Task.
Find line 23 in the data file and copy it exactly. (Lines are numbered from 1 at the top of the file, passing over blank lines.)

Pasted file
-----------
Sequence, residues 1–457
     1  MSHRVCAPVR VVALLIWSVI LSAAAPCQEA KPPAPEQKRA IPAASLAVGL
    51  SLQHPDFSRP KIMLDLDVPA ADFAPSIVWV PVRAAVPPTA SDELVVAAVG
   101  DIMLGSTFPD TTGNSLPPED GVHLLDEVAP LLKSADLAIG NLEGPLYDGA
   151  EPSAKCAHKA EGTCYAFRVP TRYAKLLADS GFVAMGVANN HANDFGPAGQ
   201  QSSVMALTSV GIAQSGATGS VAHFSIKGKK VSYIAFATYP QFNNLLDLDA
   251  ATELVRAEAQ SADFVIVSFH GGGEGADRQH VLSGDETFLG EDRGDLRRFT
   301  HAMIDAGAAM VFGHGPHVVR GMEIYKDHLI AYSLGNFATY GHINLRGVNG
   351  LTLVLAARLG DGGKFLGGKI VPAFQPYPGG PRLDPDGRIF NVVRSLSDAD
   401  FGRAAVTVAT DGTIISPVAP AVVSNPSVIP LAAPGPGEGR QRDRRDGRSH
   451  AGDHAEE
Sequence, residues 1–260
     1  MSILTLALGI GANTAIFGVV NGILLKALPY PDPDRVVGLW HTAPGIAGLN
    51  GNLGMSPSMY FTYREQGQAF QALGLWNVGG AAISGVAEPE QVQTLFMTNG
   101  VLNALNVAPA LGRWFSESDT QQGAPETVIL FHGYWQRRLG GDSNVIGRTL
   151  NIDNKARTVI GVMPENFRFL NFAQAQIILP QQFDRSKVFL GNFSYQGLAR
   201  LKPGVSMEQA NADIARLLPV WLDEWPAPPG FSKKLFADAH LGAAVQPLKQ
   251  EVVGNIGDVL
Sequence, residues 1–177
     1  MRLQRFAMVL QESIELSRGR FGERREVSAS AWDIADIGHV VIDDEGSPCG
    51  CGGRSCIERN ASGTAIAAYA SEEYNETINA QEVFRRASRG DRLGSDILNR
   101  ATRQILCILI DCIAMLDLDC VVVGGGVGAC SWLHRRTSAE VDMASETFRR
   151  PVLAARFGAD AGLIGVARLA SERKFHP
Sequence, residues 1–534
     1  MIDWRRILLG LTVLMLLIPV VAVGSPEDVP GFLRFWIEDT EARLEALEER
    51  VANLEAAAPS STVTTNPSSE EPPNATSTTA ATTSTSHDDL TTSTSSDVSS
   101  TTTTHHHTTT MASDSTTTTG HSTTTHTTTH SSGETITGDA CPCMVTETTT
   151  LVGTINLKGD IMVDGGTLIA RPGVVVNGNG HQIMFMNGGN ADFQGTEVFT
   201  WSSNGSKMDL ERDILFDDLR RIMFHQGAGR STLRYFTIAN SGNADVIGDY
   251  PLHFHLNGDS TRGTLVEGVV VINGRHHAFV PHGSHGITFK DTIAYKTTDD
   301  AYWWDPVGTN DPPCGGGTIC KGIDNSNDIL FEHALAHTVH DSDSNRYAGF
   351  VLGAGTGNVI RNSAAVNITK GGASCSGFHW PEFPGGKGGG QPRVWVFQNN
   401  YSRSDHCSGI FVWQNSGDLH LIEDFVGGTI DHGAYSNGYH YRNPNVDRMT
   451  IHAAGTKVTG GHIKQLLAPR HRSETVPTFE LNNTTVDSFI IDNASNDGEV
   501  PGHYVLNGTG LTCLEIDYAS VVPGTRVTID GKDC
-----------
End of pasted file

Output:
   151  PVLAARFGAD AGLIGVARLA SERKFHP